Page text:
On my first day as an intern at Oak Knoll, I wasn’t so sure about working in a 200-year-old building for a company that published “Books about Books”—a slogan, however catchy, which seemed to indicate academic droning.
Through these three months of interning, my first impressions have proved wrong: the books are interesting and working in this beautiful building was one of my favorite parts of the job.
And as my time here draws to a close, I must conclude that my internship was definitely not boring; it was challenging, interesting, and even fun. I can’t believe how much I’ve learned through this experience. I’m leaving here with invaluable skills, more than I learned in any college class, about editing, proofreading, public relations, and the ins and outs of the publishing industry. Things that would have taken me hours before Oak Knoll, like writing and formatting a press release, I can now do with my eyes closed. Even updating a webpage doesn’t seem half as scary as it did before.
Through the valuable feedback from Laura, James, and Danielle, I also learned a great deal about my own strengths and weaknesses—something that will serve me well as I prepare to enter the real world.
There are many things I will miss about working here. The beautiful old building, the comfortable routine that I’ve established, my little desk, but most of all I’ll miss the people.
I want to thank the other Oak Knollers for everything they have done for me. Thank you for teaching me awesome tricks with InDesign, for giving me constructive feedback that helped me grow as an editor and writer, and for being so understanding when I made mistakes. But most of all I would like to thank you all for making me feel like a part of the Oak Knoll family. I will truly miss this special group of people.
As promised, Bob has been taking pictures of his trip as he can. And here they are!
Book hunting. It’s what we have to do from time to time to keep in stock hard-to-find items for catalogues. I don’t know if our dedicated followers (YOU!) have been paying much attention to our recently acquired stock lately, but we have been on a type specimen and illuminated facsimiles binge. My father and I recently got back from a trip to New England, making rounds at some local bookstores and picking up a couple collections on the way. It has become quite fun adding new titles to the lists for our upcoming Special Catalogue #19 and Catalogue #300. Even after 36 years in business, we do run into books that, believe it or not, we have never had before. One book that we came back with was, while not incredibly expensive, incredibly interesting. It’s a type specimen foldout by the French type foundry Deberny & Peignot titled Les Cochins from 1914. We were so surprised to find that this one hasn’t ever been in our system, as we have had other Deberny & Peignot titles before, but it certainly is nice to add one more. It’s so new it is sitting on a cart waiting for an image as we speak. You can view the book online here.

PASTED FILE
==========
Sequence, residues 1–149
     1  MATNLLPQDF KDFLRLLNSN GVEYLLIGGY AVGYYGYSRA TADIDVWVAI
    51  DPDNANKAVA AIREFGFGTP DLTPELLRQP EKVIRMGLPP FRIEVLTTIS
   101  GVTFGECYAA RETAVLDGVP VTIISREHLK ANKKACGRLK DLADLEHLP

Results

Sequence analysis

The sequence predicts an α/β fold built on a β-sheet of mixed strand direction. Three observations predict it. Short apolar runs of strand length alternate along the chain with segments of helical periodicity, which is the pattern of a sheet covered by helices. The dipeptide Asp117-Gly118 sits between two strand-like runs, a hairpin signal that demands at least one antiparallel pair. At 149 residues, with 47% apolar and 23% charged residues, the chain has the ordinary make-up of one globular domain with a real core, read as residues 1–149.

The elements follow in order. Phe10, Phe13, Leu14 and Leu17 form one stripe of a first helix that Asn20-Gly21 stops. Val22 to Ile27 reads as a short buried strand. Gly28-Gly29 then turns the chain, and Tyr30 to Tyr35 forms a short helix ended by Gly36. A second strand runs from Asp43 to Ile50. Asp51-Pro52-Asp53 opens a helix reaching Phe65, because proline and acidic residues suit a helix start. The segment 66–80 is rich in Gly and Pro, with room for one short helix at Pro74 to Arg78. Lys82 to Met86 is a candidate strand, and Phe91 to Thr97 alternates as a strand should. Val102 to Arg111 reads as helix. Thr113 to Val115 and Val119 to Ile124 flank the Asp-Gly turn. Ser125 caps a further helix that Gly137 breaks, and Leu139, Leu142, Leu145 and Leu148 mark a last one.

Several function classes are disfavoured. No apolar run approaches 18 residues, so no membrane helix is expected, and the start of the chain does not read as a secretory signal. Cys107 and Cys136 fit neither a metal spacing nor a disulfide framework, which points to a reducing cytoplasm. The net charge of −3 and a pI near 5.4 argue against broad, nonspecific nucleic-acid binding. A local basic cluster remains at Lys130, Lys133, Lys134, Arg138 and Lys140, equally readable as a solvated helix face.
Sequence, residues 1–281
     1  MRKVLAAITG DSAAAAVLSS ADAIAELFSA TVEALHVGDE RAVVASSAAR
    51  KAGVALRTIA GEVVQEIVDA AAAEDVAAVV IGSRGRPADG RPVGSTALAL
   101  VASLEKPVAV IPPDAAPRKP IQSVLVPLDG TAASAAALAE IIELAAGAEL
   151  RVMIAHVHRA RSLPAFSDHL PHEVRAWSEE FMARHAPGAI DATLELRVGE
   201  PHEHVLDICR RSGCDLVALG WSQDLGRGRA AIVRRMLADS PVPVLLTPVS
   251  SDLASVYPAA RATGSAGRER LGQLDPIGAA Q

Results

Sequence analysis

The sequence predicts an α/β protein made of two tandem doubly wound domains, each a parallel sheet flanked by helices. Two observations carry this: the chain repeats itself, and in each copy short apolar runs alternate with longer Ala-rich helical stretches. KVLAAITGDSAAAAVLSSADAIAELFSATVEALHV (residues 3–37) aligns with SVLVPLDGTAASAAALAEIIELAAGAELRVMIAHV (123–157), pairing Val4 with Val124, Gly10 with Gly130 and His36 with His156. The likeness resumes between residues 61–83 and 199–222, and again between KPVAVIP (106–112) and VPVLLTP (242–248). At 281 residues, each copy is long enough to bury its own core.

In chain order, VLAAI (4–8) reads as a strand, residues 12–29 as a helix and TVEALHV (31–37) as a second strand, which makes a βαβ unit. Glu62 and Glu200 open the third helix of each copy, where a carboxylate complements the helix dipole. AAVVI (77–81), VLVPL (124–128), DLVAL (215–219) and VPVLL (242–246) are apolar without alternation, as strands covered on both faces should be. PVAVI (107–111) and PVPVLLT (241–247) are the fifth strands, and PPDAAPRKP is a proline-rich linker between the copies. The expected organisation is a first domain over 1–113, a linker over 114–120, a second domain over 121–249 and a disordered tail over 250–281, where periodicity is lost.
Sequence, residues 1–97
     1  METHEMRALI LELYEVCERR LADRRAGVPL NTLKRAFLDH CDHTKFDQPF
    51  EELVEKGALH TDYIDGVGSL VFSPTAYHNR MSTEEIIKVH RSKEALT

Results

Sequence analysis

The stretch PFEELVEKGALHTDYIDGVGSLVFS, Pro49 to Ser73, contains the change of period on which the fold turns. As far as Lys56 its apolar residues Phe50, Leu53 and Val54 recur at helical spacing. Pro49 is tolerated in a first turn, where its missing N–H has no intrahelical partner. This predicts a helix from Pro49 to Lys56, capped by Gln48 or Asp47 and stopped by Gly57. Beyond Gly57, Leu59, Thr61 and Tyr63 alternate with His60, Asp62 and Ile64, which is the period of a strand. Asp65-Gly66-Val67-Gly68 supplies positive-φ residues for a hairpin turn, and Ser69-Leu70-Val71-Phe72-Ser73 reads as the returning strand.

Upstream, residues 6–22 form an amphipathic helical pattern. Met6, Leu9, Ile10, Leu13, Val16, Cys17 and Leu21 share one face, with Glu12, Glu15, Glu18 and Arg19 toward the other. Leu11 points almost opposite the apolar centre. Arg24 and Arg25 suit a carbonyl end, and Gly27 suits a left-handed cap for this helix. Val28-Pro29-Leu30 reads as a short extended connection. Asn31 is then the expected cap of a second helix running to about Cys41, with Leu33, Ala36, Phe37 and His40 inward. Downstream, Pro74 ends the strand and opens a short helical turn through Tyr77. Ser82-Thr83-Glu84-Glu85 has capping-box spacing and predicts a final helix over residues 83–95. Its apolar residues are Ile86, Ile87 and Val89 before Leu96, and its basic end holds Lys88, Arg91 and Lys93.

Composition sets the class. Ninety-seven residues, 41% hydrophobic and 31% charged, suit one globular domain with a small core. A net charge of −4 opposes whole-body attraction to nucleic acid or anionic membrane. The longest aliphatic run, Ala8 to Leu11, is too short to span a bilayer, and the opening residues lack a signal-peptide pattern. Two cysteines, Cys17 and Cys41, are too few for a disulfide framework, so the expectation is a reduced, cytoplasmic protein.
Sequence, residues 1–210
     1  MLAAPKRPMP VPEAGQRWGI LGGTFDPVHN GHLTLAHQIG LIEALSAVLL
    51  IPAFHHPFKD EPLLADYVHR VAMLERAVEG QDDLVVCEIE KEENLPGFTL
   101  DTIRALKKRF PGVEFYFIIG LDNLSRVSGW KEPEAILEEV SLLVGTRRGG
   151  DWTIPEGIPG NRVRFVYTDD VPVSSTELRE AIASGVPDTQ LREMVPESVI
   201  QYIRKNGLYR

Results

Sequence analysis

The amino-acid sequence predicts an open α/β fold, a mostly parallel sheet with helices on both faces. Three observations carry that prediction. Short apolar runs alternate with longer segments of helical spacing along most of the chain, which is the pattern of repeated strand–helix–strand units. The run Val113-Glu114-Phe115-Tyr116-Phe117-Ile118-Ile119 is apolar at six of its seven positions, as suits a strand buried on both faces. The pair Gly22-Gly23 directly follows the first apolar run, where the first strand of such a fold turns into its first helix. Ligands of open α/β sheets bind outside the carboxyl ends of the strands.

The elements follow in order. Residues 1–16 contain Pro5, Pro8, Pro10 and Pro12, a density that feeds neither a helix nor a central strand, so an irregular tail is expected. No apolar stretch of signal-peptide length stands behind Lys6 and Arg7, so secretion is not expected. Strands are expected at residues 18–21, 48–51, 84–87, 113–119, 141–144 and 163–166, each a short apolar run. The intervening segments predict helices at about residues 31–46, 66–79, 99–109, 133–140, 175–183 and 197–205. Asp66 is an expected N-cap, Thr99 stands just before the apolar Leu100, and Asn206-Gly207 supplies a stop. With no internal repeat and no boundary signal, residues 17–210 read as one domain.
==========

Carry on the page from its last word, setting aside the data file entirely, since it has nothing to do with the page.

One of the joys of being an antiquarian bookseller is the experience of traveling overseas for business. I left last night for what I estimate is my 75th trip overseas. This trip will include time in England, the Netherlands, and Hungary. Hungary is the newest country to become a member of the International League of Antiquarian Booksellers, and they have invited the Committee that manages the business of the League to have their Spring meeting in Budapest. Even though I’m long retired from being President of the League, Presidents of Honour are still invited to the meetings for their feedback, so off I go.
I’ll keep you posted about England and the Netherlands as well, as I’m visiting lots of interesting bookshops while there and will experience the England-to-Netherlands ferry for the first time.
Quite honestly, I had as enjoyable a time reading C. Edgar Grissom’s new descriptive bibliography of Ernest Hemingway as I did Umberto Eco’s The Prague Cemetery (2011). Both are hefty volumes—more than 500 pages—chockfull of semiotic intrigue and inferences lurking in the white space, waiting to be drawn out. (The plot in Ernest Hemingway: A Descriptive Bibliography moves a little faster, however). In both cases, the storyline pivots around the relationships between books. In Eco’s case, the intertextual referent is Dumas père’s Joseph Balsamo (1854). In Mr. Grissom’s case, it’s a source with which all serious Hemingway aficionados have more than a little familiarity: Audre Hanneman’s Ernest Hemingway: A Comprehensive Bibliography (1967).